Another post from Dr Caroline Reed O’Connor, a psychiatrist and psychotherapist in south-west London.
She is a co-founder of “Tea & Empathy”, a Facebook group for clinicians which provides “a national, informal, peer-to-peer support network aiming to foster a compassionate and supportive atmosphere throughout the NHS.” The support and compassion shown by all the members to those in the group who are struggling or just need advice is immensely powerful. I would highly recommend that anyone struggling should join this group.
Recently I’ve heard more stories of doctors struggling, more stories of doctors killing themselves, and still more stories of stigma around doctors having health problems, both physical and mental.
It has taken me a while but I now know this:
There is no shame in having a health problem.
There is no shame in being a doctor with a health problem.
I am a doctor. I have bipolar disorder. I am not ashamed of it. I am proud of the way I manage it and the job I do. I won’t hide it and I will keep speaking about it because it is ok.
If my patients find out that is ok. I wouldn’t mind them knowing I had a broken leg. I wouldn’t mind them seeing me with a bald head from chemotherapy. I don’t mind them knowing I have bipolar disorder. I don’t mind sharing on a public forum that I am a doctor who has bipolar disorder. There is no shame in it.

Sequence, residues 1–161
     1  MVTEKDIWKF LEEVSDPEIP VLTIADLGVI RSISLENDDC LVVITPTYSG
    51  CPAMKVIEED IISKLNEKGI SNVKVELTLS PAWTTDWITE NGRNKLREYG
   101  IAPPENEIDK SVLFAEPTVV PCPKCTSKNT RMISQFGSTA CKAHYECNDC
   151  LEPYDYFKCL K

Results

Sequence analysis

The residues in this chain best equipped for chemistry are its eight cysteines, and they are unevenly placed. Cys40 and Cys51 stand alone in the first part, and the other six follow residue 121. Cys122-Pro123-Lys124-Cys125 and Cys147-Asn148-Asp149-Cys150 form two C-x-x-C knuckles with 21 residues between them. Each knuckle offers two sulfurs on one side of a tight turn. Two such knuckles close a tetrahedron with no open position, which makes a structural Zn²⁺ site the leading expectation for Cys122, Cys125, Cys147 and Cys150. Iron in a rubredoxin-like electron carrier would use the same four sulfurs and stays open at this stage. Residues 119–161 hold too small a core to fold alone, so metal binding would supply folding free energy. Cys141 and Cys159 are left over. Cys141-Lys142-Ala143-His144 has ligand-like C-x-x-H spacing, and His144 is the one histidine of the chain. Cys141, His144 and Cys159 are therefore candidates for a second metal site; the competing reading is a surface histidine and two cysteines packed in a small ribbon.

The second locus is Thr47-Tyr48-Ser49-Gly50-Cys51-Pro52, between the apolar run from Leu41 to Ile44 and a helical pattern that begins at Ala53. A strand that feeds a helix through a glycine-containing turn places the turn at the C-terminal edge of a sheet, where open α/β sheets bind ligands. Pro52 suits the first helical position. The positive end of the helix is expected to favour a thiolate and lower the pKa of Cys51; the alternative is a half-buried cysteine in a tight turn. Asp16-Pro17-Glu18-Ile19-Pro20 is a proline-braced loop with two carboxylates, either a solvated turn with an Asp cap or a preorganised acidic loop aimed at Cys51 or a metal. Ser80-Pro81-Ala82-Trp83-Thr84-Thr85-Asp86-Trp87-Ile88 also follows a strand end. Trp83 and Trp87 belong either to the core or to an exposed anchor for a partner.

I don’t mind if you see me waiting to see my GP. I don’t mind if you see me collect a prescription from the pharmacy. I don’t mind if you see me walk into my therapy appointment. I don’t mind if you see me laughing, or crying or struggling to control my 4 year old in the supermarket like any other parent! I don’t mind if you don’t know much about mental health problems and you want to ask me questions.
I don’t mind because there is no shame in it.
What I thought was shame – was stigma. And stigma can be beaten with openness and honesty. It can be beaten with integrity and leading by example.
I don’t think every person should have to share his or her story. But if enough of us share eventually it becomes normal, boring even…
I for one am happy to keep talking until it gets boring! Until there is no more stigma. And no more shame.
If you have any thoughts or questions, or even a thank you to Caroline for sharing her story, please do comment below. It takes a huge amount of courage to share something like this. (You will need to sign in here to do so if you don’t already have a WordPress account).